• IDH1: a 1.9-kb fragment containing the idh1::LEU2 disruption construct was PCR-amplified from genomic DNA of strain ΔIDH1 (Cupp and McAlister-Henn 1992) with the primers 5′-TTCACTAAACGTTGCTTTGCG and 5′-GCCAATG TTGCCTAAGATGGT for disruption of IDH1.

  • IDH2: a 3.0-kb EcoRI-EcoRV fragment containing the idh2::HIS3 disruption construct was excised from plasmid YCpIDH2-HIS3 (Gadde and McCammon 1997) for disruption of IDH2.

  • KGD1: a 1.6-kb fragment containing the kgd1::URA3 deletion construct was PCR-amplified from strain W303ΔKGD1 (Repetto and Tzagoloff 1989) for disruption of KGD1 with the primers 5′-CATACTTCTTCCTAATTTCCCCAA and 5′-TCCCTAAAGGATCTATATGGG.

  • KDG2: a 2.1-kb PCR product containing the kdg2::HIS3 deletion construct was amplified from genomic DNA of strain W303ΔKDG2 (Repetto and Tzagoloff 1990) with the primers 5′-AGGAGTACCGTATAATGAACCAA and 5′-TCA AACAAGCTAACAAGGTCGAA. Because of the incompatibility of Δkgd2::HIS3 with Δidh2::HIS3, KGD2 was disrupted in strain 22B, which harbors the idh2-4 nonsense allele (Gadde and McCammon 1997).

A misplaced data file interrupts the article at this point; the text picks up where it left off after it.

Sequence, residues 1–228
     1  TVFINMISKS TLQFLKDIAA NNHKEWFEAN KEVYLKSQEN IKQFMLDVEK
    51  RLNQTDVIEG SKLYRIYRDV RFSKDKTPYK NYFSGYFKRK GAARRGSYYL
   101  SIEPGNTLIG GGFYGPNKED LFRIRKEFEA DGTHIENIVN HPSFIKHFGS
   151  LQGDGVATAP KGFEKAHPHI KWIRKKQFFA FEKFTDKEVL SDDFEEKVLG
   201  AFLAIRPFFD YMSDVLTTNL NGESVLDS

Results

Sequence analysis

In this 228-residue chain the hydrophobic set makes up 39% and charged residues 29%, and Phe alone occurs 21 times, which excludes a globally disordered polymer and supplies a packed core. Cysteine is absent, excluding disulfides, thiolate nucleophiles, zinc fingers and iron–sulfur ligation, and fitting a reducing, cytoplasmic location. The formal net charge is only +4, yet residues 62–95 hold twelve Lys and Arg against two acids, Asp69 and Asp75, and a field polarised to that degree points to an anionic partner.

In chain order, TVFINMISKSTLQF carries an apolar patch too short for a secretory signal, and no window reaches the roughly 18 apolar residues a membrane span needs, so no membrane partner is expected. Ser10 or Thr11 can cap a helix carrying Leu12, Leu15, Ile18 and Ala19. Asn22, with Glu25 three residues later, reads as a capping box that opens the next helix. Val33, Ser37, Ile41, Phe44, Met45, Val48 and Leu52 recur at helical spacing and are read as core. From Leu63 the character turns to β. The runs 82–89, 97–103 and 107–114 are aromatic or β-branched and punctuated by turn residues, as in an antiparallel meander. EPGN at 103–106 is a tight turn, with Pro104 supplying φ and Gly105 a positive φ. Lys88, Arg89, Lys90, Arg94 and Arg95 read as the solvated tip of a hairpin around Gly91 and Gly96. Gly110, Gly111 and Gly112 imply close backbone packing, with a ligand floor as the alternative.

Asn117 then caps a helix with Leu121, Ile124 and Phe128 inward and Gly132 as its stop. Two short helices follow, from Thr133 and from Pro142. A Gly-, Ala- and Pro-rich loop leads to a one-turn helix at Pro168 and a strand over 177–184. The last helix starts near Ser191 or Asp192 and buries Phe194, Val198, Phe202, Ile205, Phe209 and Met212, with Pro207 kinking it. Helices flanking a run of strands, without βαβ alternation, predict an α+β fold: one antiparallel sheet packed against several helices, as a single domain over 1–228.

• LPD1: a 1.4-kb PCR product containing the lpd1::URA3 construct was amplified from strain MML22 (Lantermanet al. 1996) and used to disrupt the LPD1 gene with the primers 5′-GTCTTAACGTTGGATGTATC and 5′-CGCTTCTTTCAATTGCTCTTC.

  • LSC1: a 3-kb fragment containing the lsc1::LEU2 construct was excised from plasmid pGLSC1-LEU2 and used to disrupt the LSC1 gene (Przybyla-Zawislaket al. 1998).

  • LSC2: a 1.7-kb fragment containing the lsc2::URA3 construct was excised from plasmid pGLSC2-URA3 and used to disrupt the LSC2 gene (Przybyla-Zawislaket al. 1998).

  • SDH1: a 2.0-kb EcoRI fragment containing the sdh1::ADE2 construct was purified from plasmid pSDH1-ΔADE2 (obtained from Dr. Bernard D. Lemire) and used to disrupt the SDH1 gene.

  • SDH2: a 1.2-kb sdh2::URA3 construct was amplified from a plasmid copy of URA3 with the hybrid primers 5′-TTGAAC GTTATTGAGAAGGAAGGCCTTTTGTTTGGTGADGAA Gattttttttttattcttttttttgatttcgg and 5′-GATAGTCTAGGCAA ATGCCAAAGATTTCTTAATTTCAGCAATAGCgctttttctttc caattttttttttttcgt, where the uppercase nucleotides correspond to SDH2 and the lowercase nucleotides correspond to URA3, and used to disrupt the SDH2 gene.

  • SDH3: a 2.0-kb EcoRI-SalI fragment containing the sdh3::TRP1tained from Dr. Bernard D. Lemire) and used to disrupt the SDH3 gene.